Travel and Leisure - Fri, 06/08/2018 - 10:39
<p>Which fictional character would have a museum on top of a snow-covered mountain in Austria? Bond. <a href="" target="_blank">James Bond</a>.</p><p>And so an immersive museum dedicated to Britain’s most famous spy will open in Solden, Austria this summer. Designed to resemble a Bond villain lair, <a href="" target="_blank">007 Elements</a> will give fans an unprecedented glimpse into the world of the suave spy.</p><p><strong>Related:</strong> <a href="" target="_blank">The Best Hotels Around the World for Spotting Celebrities</a></p><p>“It’s an authentic James Bond location,” Neal Callow, creative director of the museum and several Bond films, <a href="" target="_blank">told the <em>Telegraph</em></a>. “We wanted people to feel like they’re walking through the world of James Bond while learning about how the films are made in a new and modern way. It’s more a cinematic installation than your archetypal museum.”</p><img alt="Wide view of the Tech Lab at the 007 Elements James Bond experience in Austria "src=""><img alt="Barrel of a Gun hallway at the 007 Elements James Bond Experience in Austria "src=""><p>The building — in typical over-the-top Bond world fashion — is actually built inside the summit of Gaislachkogl mountain, in the Austrian Alps. The museum is located next to ice Q, the futuristic-looking restaurant that stood in for a dystopian clinic in the recent “Spectre” Bond film.</p><p>The whole experience is designed so visitors feel like they’re helping fight a Bond villain. The visit starts in the circular “lair” where “Spectre” director Sam Mendes welcomes visitors to the world of MI6. From there, it’s a winding maze through the history of Bond films, complete with clips and props from the sets.</p><img alt="Exterior of the new James Bond attraction on a mountaintop in Austria "src=""><img alt="Briefing Room at the 007 Elements James Bond experience in Austria "src=""><p>Visitors learn about the gadgets, the locations and the action-packed sequences the franchise has become known for. Diehard fans will geek out over memorabilia like Bond’s golden gun and the remains of the plane crash from “Spectre.”</p><p>007 Elements will open to the public in July.</p>
Categories: Travel

The One Change to My Travel Routine That Lightened My Luggage for Good

Travel and Leisure - Fri, 06/08/2018 - 10:32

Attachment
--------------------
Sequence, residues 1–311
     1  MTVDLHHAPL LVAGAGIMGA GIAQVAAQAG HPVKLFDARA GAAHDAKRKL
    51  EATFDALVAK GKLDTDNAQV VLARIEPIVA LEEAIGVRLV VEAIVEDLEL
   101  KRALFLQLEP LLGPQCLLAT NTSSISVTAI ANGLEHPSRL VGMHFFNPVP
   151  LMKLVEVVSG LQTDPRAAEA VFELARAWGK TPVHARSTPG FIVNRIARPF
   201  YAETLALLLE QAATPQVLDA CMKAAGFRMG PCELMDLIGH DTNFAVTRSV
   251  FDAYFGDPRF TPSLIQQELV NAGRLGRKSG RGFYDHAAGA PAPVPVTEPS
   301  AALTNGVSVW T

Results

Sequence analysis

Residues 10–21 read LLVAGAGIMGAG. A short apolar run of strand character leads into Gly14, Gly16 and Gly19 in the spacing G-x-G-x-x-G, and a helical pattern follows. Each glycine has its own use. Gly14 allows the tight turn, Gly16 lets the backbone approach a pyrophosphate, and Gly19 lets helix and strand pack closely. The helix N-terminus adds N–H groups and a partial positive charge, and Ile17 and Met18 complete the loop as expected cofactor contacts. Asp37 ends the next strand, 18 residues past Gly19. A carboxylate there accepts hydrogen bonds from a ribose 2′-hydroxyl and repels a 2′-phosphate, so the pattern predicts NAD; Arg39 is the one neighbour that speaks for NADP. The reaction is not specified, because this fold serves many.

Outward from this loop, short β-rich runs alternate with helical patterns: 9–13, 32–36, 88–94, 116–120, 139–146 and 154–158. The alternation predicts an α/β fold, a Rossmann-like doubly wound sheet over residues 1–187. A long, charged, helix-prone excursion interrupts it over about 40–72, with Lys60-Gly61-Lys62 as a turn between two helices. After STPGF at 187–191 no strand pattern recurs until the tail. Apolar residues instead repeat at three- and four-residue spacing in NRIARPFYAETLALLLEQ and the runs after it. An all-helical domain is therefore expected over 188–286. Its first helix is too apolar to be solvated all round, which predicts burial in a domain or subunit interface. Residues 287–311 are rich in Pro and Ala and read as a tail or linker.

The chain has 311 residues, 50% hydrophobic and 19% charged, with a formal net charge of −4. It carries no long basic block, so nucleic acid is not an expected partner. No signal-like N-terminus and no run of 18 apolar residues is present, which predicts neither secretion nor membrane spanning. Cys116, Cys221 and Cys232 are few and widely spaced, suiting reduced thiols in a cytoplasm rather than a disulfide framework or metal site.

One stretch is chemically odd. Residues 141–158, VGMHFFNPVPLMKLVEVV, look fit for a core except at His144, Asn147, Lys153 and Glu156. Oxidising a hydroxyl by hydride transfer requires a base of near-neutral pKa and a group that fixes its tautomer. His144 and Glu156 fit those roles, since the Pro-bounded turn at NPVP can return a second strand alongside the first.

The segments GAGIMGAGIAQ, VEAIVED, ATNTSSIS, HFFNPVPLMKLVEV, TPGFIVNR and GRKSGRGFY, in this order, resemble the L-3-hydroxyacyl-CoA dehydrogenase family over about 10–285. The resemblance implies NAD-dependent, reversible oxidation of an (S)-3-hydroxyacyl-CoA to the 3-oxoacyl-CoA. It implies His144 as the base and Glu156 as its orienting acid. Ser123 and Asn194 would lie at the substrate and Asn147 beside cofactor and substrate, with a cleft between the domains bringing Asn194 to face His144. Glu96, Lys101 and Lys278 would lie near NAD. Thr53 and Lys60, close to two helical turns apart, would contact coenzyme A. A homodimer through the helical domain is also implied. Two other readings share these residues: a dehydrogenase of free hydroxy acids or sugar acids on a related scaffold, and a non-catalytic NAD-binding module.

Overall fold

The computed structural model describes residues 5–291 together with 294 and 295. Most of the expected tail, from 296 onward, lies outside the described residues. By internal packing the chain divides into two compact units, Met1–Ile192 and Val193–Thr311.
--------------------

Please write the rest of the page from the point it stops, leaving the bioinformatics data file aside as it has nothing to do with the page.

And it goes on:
<p>The front zip pocket of my <a href="" target="_blank">carry-on suitcase</a> has always been reserved for a book or two — real books, the printed kind that you flip through and dog-ear to mark your place and sometimes dribble beverages onto because drinking, unlike reading, has never come naturally to you.</p><p>I've listened to many a friend and colleague sing praises about their e-readers but, despite three good tries, I just can't read on a screen for more than 10 minutes. It's not the same. Physical pages are easier on the eyes; they never run out of battery; you can <a href="" target="_blank">Instagram the cover atop your sand-speckled beach towel</a> for an easy 55 Likes. And holding a book above my face to block the sun has long been a key part of my summer strength-training program.</p><p>But here’s the thing about being a screen-resistant snob: books are heavy. Only once will you need to lug a <em>Harry Potter</em> hardback to the <a href="" target="_blank">Outer Banks</a> the first year your parents make you carry your own luggage to know this. Until recently, I'd resigned myself to forgoing an extra pair of shoes in favor of 3.8 pounds of creative nonfiction (or self-help or a shameless YA series).</p><p>Then, before a recent trip to Spain, I decided to give audiobooks a go and signed up for a 30-day free trial of <a href=";tag=tlaudible-20&amp;camp=1789&amp;creative=9325&amp;linkCode=as2&amp;creativeASIN=B00NB86OYE&amp;linkId=39c915a8e000ee74764715ebee11594f" target="_blank">Audible</a>. And just like e-readers, audiobooks aren't the same as their printed counterparts, but in certain situations — and especially when traveling — they're better.</p><p>Moving to New York City made me a podcast obsessive. I refuse to commute without one now, so audiobooks were a natural next step. With Audible, <a href=";tag=tlaudible-20&amp;camp=1789&amp;creative=9325&amp;linkCode=as2&amp;creativeASIN=B00NB86OYE&amp;linkId=39c915a8e000ee74764715ebee11594f" target="_blank">Amazon’s audiobook service</a>, the month-long trial gives you one credit, which you can redeem for one book regardless of price. With a membership, you pay $15 a month, automatically get another download credit, and you get to keep all the books you download forever.</p><p>I worried that reading via my headphones wouldn't feel as immersive, but I then proceeded to spend five flights, two train rides, and a rainy day totally enchanted by Anthony Doerr’s “<a data-ecommerce="true" href=";tag=tlaudible-20&amp;camp=1789&amp;creative=9325&amp;linkCode=as2&amp;creativeASIN=B00IZGQ780&amp;linkId=04b51d6ca1c343d7b26277d582d82726" target="_blank">All the Light We Cannot See</a>” — without the distraction of my own very poor French and German phonetics — and now I'm hooked.</p><p>I'd even scheduled a reminder in my calendar to cancel the subscription when the month was up, but I didn't do it. Now, here I am a loyal audiobook evangelist. Here are seven reasons I’m never going back — at least while on the road.</p><p><strong>1. Audiobooks weigh nothing</strong>. For travel, this is perhaps the most important factor. </p><p><strong>2. Listening feels easier than physically reading</strong>. There’s something about being read to aloud that relaxes me more than reading with my eyes. Call it regressive, call it “cheating,” but only after you've tried it.</p><p><strong>3. It's broken my bad habit of flipping ahead. </strong>I do kind of miss it though.</p><p><strong>4. Motion sickness is no longer a concern.</strong> This only happens to me when I'm facing backward and trying to read in a window seat, but for people who always get carsick, an audiobook is a game changer.</p><p><strong>5. You'll never have to worry about pronouncing character names incorrectly.</strong> Going back to <em>Harry Potter</em>, poor Hermione was “Her-mo-nine” in my head until the “<a data-ecommerce="true" href=";tag=tlaudible-20&amp;camp=1789&amp;creative=9325&amp;linkCode=as2&amp;creativeASIN=B017V4NQGM&amp;linkId=8e015ee1079365bdc5362fc8f3cf1dbf" target="_blank">Goblet of Fire</a>,” and this grave injustice could have been avoided.</p><p><strong>6. You can multitask</strong>. Read while driving or buying groceries — or even running, if running is a thing you do. These are all options when an audiobook is delivering the caramel-frosting-coated voice of <a data-ecommerce="true" href=";tag=tlaudible-20&amp;camp=1789&amp;creative=9325&amp;linkCode=as2&amp;creativeASIN=B004HYHTN6&amp;linkId=73a8a44f49eefcaa06828490b5617c0d" target="_blank">Maya Angelou</a> directly into your ear canals.</p><p><strong>7. And, my personal favorite: no one can judge your book choices</strong>. Gone is the creeping desire to swap out the jacket of the latest <a href=";tag=tlaudible-20&amp;camp=1789&amp;creative=9325&amp;linkCode=as2&amp;creativeASIN=B074F3T529&amp;linkId=3980fb016e61b7eefb4c48d503d64e16" target="_blank">John Green teen tale</a> for something more capital-L literary and this, I believe, is true liberation.</p>